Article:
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This presentation was about the moral debate on cloning and the religious view of why it should not be accepted. It starts off with an explanation of what cloning is by a scientist, how cloning could drastically change the lives of many both medically as well as psychologically and then goes on to speak of the opposition that cloning has faced. It then zeroes in on just the religious opposition to cloning. There is an attempt to redefine cloning not just of the human desire to achieve perfection but also as a tool to assist with medical technology and not just a way for grieving love ones to replace a dead family member.
It can be a very tempting endeavor, as we all have lost love ones that we continue to grieve about. However, it begs the question to what end? If you regard religion (especially Christianity) as your cornerstone, then your time on earth is nothing but a journey that leads you to heaven. If this is the case then you should be looking forward to moving on to heaven. Unless, you are not sure that is what you want, or that is what awaits you, then you would want to prolong your stay here on Earth. For the atheist it would be totally understandable. But for Christians of any kind it would directly contradict everything they believe in.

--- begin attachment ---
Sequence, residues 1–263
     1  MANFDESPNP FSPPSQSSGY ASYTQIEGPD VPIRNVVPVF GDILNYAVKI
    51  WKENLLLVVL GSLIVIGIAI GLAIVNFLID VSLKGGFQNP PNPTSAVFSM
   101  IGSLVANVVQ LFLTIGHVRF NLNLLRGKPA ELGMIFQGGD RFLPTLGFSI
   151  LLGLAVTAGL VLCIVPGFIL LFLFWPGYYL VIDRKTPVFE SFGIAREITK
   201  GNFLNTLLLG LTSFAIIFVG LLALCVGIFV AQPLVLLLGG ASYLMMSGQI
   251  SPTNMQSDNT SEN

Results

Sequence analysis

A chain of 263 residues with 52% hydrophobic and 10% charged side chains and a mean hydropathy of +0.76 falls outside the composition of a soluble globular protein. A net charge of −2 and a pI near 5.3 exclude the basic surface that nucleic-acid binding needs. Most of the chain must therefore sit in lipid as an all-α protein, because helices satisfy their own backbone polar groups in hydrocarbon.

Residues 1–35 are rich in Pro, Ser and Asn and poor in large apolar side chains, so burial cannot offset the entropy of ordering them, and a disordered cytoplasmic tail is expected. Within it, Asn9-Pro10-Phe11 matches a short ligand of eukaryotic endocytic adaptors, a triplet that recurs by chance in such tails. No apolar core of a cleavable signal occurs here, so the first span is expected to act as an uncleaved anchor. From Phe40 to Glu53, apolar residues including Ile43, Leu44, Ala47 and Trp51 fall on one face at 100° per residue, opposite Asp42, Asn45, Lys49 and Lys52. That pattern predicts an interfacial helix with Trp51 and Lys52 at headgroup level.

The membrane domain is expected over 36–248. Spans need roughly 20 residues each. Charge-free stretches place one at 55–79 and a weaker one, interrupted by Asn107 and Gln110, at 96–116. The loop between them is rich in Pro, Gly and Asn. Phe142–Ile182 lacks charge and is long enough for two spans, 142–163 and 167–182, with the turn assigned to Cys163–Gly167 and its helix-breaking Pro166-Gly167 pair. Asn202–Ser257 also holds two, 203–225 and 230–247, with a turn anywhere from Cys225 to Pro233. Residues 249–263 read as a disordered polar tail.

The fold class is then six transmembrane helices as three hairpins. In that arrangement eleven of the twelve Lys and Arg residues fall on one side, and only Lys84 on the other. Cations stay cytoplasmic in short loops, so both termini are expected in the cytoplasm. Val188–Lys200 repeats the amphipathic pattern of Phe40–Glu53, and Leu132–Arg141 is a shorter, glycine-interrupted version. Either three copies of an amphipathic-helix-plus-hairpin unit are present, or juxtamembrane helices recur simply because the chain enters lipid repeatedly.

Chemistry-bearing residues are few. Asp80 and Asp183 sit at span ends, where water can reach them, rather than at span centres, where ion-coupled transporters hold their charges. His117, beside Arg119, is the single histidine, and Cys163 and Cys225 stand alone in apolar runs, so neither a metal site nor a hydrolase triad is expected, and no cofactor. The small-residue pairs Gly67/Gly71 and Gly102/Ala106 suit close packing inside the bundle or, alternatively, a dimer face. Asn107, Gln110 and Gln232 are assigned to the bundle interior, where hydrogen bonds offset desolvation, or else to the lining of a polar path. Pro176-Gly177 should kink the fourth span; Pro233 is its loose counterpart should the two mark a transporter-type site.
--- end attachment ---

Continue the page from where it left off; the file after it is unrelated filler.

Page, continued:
The Bible states that God is the giver of life (1Timothy 6:13). It also states He is our healer in Isaiah 53:4 and therefore we are suppose to believe in him for our healing and not take extreme measures. It beckons the question if we as humans are trying to once again be God?
What if we could live forever? What will serve as our motivation to love, and strive and dream? There would always be time. We could always put it off until later. It is ironic that extending life might take away a reason to live life.